A history teacher was stabbed and “beheaded” in front of his school in a suspected terror attack near Paris, according to police.
The victim had shown caricatures of Islam’s Prophet Muhammad to students during a lesson earlier this month, officials said.
France's anti-terrorism prosecutor is investigating the incident in the town of Conflans-Sainte-Honorine, around 25km north west of the capital.
The attacker was shot dead by police about 600 metres away from the scene of the stabbing, close to the town of Eragny. He was armed with a knife and an airsoft gun, police said.
France’s education minister Jean-Michel Blanquer said the “despicable assassination” was an attack on the French nation.
Ce soir, c’est la République qui est attaquée avec l’assassinat ignoble de l’un de ses serviteurs, un professeur.
Je pense ce soir à lui, à sa famille.
Notre unité et notre fermeté sont les seules réponses face à la monstruosité du terrorisme islamiste.
Nous ferons face .
— Jean-Michel Blanquer (@jmblanquer) October 16, 2020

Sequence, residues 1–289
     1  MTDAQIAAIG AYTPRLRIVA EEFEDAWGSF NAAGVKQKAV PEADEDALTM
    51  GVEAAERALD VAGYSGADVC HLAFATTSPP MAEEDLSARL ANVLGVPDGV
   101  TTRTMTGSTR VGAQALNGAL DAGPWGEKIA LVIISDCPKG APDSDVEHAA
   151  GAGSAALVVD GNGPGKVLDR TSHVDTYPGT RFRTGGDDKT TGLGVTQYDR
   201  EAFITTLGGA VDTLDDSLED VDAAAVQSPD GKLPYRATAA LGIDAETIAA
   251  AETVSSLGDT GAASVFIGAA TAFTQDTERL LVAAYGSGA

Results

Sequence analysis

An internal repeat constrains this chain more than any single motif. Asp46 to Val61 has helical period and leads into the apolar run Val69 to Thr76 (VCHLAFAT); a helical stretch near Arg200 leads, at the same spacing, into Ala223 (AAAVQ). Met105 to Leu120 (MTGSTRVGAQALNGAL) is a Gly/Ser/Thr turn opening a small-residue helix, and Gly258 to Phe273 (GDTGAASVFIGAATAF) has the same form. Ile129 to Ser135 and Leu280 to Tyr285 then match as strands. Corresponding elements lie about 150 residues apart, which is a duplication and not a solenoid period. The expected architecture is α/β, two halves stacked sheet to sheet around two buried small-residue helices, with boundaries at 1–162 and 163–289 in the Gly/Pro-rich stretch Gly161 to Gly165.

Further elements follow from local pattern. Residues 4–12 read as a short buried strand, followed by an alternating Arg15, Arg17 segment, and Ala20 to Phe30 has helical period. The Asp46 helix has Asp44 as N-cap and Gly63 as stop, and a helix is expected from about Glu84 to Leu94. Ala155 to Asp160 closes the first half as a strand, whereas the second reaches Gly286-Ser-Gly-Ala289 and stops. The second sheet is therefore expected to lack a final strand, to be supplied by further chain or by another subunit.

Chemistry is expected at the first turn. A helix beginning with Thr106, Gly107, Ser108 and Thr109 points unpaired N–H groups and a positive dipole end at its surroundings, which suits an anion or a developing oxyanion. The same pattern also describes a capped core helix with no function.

“I think tonight of him, of his family,” he tweeted. “Our unity and steadfastness are the only answers to the monstrosity of Islamist terrorism.”
Interior minister Gerard Darmanin said he had set up a “crisis centre” to deal with Friday's attack and was keeping president Emmanuel Macron informed.
Mr Macron visited the area following an emergency meeting at the interior ministry on Friday evening.
Police officials told reporters that the teacher had opened a discussion about the Muhammad cartoons in class and that a parent of one of the pupils had filed a complaint. However the suspect did not have a child at the school, according to one official.
Another police source told the Reuters news agency that witnesses heard the attacker shout Allah Akbar, or God is Great. BFM TV reported that the suspect was aged 18 and was born in Moscow.
It was also reported that the attacker claimed responsibility on Twitter with the words: "To Macron, the leader of the infidels, I executed one of your hellhounds who dared to belittle Muhammad".
Last month two people were stabbed near the former offices of the Charlie Hebdo satirical magazine, the scene of a deadly terror attack by Islamist militants in 2015.
The suspect in the double stabbing told police that he acted out of anger after the magazine reprinted caricatures of Prophet Muhammad.
Fourteen people suspected of involvement in the 2015 terror attack on Charlie Hebdo are currently on trial in Paris.
Additional reporting by agencies